Science Fiction section. I hadnt fallen headfirst into Andre Nortons
myriad worlds, I hadnt joined Heinlein s resourceful heroes, I hadnt
discovered Anderson, Asimov, Clarke, Nourse, Simak. . . .

All that was about to change. Because my father had.

My father was a science fiction reader; in our house, where library books
were everywhere, it was my -father who bought the paperbacks. They were
divided pretty equally in thirdssuspense (including spy-novels), war, and
science fiction.

It was the start of summer vacation, I had already bored through my stack
of nine books, and we werent going back to the library for another two
days. I was desperate. I ventured into the living room, and picked up James
Schmitzs Agent of Vega.

Im not sure why. It certainly wasnt the coverin those days, science
fiction books were sporting rather odd abstract paintingspossibly trying
to divorce themselves from the Bug Eyed Monsters of the pulp covers so that
they could be taken Seriously. That wasnt going to happen, not in the
Sixties, but you couldnt fault the editors for trying. It wasnt the
titleI hadnt a clue what, or who, Vega was, and I wasnt interested in
the James Bond books (yet) that featured the only other agent I knew of.
Perhaps it was just desperation. I asked politely if I could read it, was
granted permission, and trotted away to my room with my prize.

Five minutes later, it was true love.

It was an epiphany.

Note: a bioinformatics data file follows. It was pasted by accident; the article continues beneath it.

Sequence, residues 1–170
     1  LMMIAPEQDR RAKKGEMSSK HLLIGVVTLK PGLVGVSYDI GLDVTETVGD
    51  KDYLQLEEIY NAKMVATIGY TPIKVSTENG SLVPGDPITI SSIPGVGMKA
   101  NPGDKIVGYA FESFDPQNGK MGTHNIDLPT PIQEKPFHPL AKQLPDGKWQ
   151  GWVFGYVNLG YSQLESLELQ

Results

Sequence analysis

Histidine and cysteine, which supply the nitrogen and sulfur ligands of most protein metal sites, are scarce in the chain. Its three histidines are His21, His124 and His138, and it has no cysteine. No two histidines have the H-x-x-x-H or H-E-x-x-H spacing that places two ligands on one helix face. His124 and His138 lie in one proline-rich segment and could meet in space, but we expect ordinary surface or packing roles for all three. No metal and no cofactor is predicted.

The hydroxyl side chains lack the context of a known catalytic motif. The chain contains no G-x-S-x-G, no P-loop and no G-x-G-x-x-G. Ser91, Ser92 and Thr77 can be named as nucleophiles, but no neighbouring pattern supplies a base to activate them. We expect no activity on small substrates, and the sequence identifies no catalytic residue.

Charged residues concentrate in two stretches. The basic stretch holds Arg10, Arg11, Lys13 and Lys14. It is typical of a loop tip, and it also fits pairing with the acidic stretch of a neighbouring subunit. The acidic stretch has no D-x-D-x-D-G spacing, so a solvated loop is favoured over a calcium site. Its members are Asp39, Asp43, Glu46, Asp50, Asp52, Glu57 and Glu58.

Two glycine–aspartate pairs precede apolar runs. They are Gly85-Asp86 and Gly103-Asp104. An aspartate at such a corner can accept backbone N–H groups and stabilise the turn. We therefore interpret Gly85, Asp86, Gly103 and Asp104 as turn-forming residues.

Here was everything I had been looking forexotic settings, thrills,
adventure, heroines who were just as resourceful and brave as the heroes,
and something more. There was a magic in the words, but there was more than
that. It was imagination.

No one, no one, since my fairy-tales, had written like this. This James
Schmitz fellow seemed as familiar with androids and alien planets as I was
with the ice-cream man and the streets of my home town.

And here, for the first time, I encountered psionics.

Psi! There was even an abbreviation for it! Telepathy! Telekinesis!
Teleportation! Empathy! Precognition!

Oh, these were words to conjure with! Better than the magic of the
fairy-tales, these were scientific which meant that someone, somewhere (oh
let it be me! Me!) might find a way to get one of these powers for himself!

Much has been made of the sense of wonder that science fiction evokes,
believe me, there was nothing to evoke that sense quite like the worlds of
James Schmitz. Especially for someone who had never read anything like this
before. The man had the right stuff; no doubt of it. By the time that I was
done with that book, I was well and truly hooked.

And my life had just taken that irrevocable, epiphanal change.

There was no going back; when we got to the -library, I flew to the science